In December 2001, Bill Marsden, an investigative reporter at the Montreal Gazette, went on CBC’s “As It Happens” to discuss reporters pulling their byline from the publication after CanWest imposed a policy requiring all of its local papers to run editorials written by the chain’s editor-in-chief, Murdoch Davis. Marsden noted that this had resulted in a strong pro-Israel perspective.
Marsden told CBC this:
“They do not want to see any criticism of Israel. We do not run in our newspaper op-ed pieces that express criticism of Israel and what it is doing in the Middle East. We do not have that free-wheeling debate that there should be about all these issues.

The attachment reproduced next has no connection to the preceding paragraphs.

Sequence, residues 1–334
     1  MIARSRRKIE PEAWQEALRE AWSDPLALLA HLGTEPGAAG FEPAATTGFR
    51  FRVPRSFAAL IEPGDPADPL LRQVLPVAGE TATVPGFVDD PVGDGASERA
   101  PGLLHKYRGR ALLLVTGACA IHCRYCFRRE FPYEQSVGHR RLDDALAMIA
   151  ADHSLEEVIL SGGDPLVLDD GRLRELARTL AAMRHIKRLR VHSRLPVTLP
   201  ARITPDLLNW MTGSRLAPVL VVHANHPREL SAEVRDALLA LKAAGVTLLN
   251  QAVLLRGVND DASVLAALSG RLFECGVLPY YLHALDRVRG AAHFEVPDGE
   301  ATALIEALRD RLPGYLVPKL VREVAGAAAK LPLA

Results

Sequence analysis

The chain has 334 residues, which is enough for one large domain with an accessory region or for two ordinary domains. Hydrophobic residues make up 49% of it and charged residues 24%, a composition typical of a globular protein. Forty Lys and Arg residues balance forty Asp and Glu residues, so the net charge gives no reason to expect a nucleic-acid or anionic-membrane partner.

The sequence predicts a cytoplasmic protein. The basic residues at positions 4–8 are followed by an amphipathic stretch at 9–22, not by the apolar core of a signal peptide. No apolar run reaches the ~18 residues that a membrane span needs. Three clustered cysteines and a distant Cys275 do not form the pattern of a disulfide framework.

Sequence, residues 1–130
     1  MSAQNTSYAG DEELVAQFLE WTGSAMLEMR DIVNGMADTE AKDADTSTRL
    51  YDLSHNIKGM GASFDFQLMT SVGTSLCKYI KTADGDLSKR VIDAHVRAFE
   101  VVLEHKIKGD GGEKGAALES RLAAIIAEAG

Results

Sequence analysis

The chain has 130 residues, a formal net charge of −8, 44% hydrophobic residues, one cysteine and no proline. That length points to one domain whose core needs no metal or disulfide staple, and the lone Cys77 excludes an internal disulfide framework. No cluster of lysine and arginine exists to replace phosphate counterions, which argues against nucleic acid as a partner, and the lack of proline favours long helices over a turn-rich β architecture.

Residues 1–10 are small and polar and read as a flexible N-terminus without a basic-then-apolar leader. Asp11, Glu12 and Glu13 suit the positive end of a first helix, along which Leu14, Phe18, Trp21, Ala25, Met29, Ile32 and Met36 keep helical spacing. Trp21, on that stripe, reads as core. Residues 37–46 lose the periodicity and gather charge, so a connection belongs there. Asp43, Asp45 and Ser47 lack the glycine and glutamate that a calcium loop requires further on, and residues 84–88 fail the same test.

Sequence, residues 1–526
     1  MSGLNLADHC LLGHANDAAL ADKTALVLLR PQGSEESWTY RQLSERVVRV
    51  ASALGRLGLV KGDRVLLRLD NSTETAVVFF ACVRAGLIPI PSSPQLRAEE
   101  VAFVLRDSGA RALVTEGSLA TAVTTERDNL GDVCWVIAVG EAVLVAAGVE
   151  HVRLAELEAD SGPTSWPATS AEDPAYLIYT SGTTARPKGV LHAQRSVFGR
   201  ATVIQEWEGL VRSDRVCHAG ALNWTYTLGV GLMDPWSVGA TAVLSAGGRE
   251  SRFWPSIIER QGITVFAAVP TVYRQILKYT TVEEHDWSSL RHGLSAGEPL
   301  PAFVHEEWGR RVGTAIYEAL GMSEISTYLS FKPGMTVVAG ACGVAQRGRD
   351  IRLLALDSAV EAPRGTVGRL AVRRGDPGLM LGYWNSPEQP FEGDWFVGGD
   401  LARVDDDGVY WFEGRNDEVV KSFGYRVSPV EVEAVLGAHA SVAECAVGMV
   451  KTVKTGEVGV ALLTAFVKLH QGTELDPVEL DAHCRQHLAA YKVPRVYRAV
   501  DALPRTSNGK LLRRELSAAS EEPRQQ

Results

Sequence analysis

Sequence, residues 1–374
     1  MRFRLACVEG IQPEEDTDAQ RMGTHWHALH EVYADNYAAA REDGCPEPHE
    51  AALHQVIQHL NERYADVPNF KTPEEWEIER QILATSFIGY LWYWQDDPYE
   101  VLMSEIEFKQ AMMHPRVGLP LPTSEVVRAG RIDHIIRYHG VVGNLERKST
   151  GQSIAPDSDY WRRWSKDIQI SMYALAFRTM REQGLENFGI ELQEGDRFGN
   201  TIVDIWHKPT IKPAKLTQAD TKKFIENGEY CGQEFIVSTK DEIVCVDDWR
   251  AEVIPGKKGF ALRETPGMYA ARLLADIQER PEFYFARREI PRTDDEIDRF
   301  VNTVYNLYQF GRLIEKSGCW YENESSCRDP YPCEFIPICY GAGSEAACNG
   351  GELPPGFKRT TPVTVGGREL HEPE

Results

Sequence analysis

We even had an incident where a fellow, a professor at … the University of Waterloo, wrote an op-ed piece for us in which he was criticizing the anti-terrorism law and criticizing elements of civil rights. Now that professor happens to be a Muslim and happens to have an Arab name. We got a call from headquarters demanding to know why we had printed this. Now this kind of questioning goes on all the time.”
CBC also interviewed Davis, asking him if a chain in the paper wanted to write an editorial regarding Israel that was “absolutely contrary to the editorial written from your office, would they be able to write that?” Davis said, “No. It is clearly the intent that the newspapers will speak with one voice on certain issues of overarching national or international importance.”